A "confession" due to severe torture – the Society for Threatened Peoples is concerned about Ruslan Kutaev
Chechen human rights activist on trial (April 25, 2014)
The Society for Threatened Peoples (STP) expressed worries concerning Ruslan Kutaev, the Chechen human rights defender. On Friday, he will have to appear before a court in the Chechen town of Urus-Martan for the alleged possession of eight grams of heroin. However, human rights activists who were able to visit him in detention testified that he was tortured and thus forced to confess.
Kutaev has an impeccable reputation: in 1997, during the war in Chechnya, he advocated for Russian soldiers to be released from Chechen detention centers and had recently worked together with the Russian representative of Human Rights Watch and the Helsinki Federation.
According to the Russian human rights organization "Committee against Torture", Kutaev was abducted from his brother's house after a conference focusing on the collective deportation of the Chechens and Ingush by Stalin on February 23, 1944. In police custody, he was beaten by the Deputy Interior Minister of Chechnya, Apti Alaudinov and the Chechen Prime Minister Magomed Daudov. Then, he was taken to a cellar room where he was tortured with electric shocks, trying to force him to sign several documents. He refused – and was tortured again and again, until he was finally prepared to sign just about anything, including that he would not mention the suffering inflicted upon him. By that time, two of his ribs had been broken.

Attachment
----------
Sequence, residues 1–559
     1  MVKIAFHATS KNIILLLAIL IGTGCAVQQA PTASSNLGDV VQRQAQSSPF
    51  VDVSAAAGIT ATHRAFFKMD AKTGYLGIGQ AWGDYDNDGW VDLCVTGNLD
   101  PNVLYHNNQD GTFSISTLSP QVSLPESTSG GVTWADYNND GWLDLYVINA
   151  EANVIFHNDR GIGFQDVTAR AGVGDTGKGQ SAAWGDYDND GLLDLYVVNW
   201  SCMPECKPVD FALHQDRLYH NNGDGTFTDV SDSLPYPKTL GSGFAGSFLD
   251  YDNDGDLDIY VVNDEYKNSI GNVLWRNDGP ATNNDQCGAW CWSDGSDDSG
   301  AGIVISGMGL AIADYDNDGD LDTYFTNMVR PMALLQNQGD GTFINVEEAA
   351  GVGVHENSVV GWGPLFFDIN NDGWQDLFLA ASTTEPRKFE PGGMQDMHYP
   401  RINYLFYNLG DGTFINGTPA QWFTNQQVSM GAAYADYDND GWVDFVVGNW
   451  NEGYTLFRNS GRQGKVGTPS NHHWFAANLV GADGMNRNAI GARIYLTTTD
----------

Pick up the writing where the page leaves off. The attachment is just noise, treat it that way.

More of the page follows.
Kutaev is convinced that he was arrested because of his courageous presentation at the conference. Previously, the Chechen President Ramzan Kadyrov had decided that no commemorations should take place on February 23, the historic date of the collective deportation of the Chechens and the Ingush. In 2014, the official commemoration will thus (for the first time) take place on May 10, the anniversary of the death of his father. Kadyrov had also ordered Gozny's memorial site for February 23, 1944, to be dismantled. It commemorates the fact that a third of the Ingush and Chechen people died during the deportation to Central Asia.